Astrocytes play crucial roles in regulating neural circuit function by forming a dense network of synapse-associated membrane specializations, but signaling pathways regulating astrocyte morphogenesis remain poorly defined. Here, we show the Drosophila lipid-binding G protein-coupled receptor (GPCR) Tre1 is required for astrocytes to establish their intricate morphology in vivo. The lipid phosphate phosphatases Wunen/Wunen2 also regulate astrocyte morphology and, via Tre1, mediate astrocyte-astrocyte competition for growth-promoting lipids. Loss of s1pr1, the functional analog of Tre1 in zebrafish, disrupts astrocyte process elaboration, and live imaging and pharmacology demonstrate that S1pr1 balances proper astrocyte process extension/retraction dynamics during growth. Loss of Tre1 in flies or S1pr1 in zebrafish results in defects in simple assays of motor behavior. Tre1 and S1pr1 are thus potent evolutionarily conserved regulators of the elaboration of astrocyte morphological complexity and, ultimately, astrocyte control of behavior.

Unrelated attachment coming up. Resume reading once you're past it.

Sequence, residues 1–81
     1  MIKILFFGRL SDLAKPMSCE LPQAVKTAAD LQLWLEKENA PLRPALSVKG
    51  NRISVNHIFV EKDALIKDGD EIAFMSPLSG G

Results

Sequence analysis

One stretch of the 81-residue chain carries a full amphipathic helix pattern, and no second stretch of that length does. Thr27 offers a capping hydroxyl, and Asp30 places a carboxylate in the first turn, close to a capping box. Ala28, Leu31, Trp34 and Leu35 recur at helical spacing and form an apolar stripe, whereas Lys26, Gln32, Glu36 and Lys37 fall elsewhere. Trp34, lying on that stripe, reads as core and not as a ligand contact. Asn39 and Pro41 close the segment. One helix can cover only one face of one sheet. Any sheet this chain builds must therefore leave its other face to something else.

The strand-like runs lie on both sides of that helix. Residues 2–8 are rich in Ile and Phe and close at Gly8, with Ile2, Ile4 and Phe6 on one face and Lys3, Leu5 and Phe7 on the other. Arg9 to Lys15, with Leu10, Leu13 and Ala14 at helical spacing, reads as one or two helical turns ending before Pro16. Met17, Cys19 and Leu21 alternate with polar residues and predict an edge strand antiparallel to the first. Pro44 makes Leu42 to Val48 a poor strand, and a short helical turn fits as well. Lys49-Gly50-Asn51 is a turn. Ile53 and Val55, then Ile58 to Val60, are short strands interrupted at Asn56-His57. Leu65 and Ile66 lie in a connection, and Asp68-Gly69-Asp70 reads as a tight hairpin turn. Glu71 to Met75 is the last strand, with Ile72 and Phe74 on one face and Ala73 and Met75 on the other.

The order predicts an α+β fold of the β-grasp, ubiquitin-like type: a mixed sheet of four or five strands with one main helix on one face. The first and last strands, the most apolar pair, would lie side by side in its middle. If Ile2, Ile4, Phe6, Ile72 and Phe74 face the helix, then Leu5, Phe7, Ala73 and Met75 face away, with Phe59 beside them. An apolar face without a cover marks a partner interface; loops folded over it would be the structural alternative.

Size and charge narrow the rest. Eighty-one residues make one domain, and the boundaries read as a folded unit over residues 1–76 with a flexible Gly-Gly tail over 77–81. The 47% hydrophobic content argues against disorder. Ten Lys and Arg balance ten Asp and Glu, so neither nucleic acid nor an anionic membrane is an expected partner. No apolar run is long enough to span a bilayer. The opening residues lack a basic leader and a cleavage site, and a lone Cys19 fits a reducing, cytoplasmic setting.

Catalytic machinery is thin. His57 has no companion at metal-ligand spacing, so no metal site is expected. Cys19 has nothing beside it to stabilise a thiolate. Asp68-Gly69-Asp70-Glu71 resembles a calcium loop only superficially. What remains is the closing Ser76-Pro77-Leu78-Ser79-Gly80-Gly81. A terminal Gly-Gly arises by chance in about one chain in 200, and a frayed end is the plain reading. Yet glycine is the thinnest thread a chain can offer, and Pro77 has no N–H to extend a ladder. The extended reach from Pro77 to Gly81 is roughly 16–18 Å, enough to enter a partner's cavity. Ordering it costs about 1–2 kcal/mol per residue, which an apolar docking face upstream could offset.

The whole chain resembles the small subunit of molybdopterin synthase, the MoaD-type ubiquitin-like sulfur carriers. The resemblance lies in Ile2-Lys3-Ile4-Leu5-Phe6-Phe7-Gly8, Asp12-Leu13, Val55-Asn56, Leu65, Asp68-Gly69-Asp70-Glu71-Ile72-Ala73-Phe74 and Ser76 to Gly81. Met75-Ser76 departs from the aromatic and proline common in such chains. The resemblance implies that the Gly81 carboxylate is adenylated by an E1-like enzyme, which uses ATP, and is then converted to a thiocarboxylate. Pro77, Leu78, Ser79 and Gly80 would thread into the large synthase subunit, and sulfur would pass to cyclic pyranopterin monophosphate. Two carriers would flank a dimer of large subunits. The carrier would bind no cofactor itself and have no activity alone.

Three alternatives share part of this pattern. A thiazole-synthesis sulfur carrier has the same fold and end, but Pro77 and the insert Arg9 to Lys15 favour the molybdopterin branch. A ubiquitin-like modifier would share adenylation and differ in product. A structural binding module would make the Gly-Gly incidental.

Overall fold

PMID: 38096817
ISSN: 1097-4199
CID: 5588882

Olfactory navigation in arthropods

Steele, Theresa J; Lanz, Aaron J; Nagel, Katherine I
Using odors to find food and mates is one of the most ancient and highly conserved behaviors. Arthropods from flies to moths to crabs use broadly similar strategies to navigate toward odor sources-such as integrating flow information with odor information, comparing odor concentration across sensors, and integrating odor information over time. Because arthropods share many homologous brain structures-antennal lobes for processing olfactory information, mechanosensors for processing flow, mushroom bodies (or hemi-ellipsoid bodies) for associative learning, and central complexes for navigation, it is likely that these closely related behaviors are mediated by conserved neural circuits. However, differences in the types of odors they seek, the physics of odor dispersal, and the physics of locomotion in water, air, and on substrates mean that these circuits must have adapted to generate a wide diversity of odor-seeking behaviors. In this review, we discuss common strategies and specializations observed in olfactory navigation behavior across arthropods, and review our current knowledge about the neural circuits subserving this behavior. We propose that a comparative study of arthropod nervous systems may provide insight into how a set of basic circuit structures has diversified to generate behavior adapted to different environments.